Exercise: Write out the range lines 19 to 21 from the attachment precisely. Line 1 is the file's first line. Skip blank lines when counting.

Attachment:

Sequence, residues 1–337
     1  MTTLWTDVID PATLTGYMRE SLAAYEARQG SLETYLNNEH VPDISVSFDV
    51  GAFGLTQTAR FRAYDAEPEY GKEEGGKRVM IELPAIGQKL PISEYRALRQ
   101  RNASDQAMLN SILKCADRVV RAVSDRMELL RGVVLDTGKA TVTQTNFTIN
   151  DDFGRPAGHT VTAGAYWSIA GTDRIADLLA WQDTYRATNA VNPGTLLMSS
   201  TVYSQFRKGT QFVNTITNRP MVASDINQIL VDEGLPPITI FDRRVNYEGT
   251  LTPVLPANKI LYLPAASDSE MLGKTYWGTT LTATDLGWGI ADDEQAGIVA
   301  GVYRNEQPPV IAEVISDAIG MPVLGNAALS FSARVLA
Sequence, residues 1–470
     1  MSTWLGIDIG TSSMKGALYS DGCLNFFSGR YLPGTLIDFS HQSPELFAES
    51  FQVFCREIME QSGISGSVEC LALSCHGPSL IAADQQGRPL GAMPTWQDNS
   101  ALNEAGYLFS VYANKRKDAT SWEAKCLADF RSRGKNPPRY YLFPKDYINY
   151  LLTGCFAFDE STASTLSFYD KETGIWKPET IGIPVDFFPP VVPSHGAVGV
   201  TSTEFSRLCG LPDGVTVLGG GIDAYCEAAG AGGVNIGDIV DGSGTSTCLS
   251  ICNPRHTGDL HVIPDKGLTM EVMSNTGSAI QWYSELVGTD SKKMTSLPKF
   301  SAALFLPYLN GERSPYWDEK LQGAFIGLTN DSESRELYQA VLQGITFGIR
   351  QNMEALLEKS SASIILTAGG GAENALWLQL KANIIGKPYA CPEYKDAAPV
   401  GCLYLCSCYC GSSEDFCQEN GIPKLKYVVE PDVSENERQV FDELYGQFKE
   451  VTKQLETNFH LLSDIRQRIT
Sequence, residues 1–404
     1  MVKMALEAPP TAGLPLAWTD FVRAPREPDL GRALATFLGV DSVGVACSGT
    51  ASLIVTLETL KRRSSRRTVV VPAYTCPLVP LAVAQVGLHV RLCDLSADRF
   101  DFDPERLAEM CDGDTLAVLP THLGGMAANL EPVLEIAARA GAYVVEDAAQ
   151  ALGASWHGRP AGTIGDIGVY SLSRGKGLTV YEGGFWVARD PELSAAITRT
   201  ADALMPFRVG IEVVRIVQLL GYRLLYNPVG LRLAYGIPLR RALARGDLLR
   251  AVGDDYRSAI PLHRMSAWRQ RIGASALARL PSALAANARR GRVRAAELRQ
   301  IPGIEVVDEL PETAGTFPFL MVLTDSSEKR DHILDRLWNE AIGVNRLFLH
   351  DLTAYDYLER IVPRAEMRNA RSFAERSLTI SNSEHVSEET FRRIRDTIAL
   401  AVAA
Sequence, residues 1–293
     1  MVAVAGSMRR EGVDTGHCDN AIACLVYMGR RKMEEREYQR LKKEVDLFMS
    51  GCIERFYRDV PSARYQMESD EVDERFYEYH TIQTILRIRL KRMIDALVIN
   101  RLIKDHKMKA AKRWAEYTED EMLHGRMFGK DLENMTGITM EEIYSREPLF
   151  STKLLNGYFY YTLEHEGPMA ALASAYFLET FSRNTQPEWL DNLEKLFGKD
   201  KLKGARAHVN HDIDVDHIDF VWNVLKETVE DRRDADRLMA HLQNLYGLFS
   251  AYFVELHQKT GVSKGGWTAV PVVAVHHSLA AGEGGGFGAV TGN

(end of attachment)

   451  VTKQLETNFH LLSDIRQRIT
Sequence, residues 1–404
     1  MVKMALEAPP TAGLPLAWTD FVRAPREPDL GRALATFLGV DSVGVACSGT